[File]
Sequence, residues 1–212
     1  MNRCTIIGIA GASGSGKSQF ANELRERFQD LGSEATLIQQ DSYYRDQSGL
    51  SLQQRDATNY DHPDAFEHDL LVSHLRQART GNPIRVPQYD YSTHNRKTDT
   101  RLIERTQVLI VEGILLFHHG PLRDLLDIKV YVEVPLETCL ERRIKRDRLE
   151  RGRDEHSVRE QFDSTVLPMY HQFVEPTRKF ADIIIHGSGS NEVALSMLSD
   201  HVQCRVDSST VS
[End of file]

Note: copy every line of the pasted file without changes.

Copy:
Sequence, residues 1–212
     1  MNRCTIIGIA GASGSGKSQF ANELRERFQD LGSEATLIQQ DSYYRDQSGL
    51  SLQQRDATNY DHPDAFEHDL LVSHLRQART GNPIRVPQYD YSTHNRKTDT
   101  RLIERTQVLI VEGILLFHHG PLRDLLDIKV YVEVPLETCL ERRIKRDRLE
   151  RGRDEHSVRE QFDSTVLPMY HQFVEPTRKF ADIIIHGSGS NEVALSMLSD
   201  HVQCRVDSST VS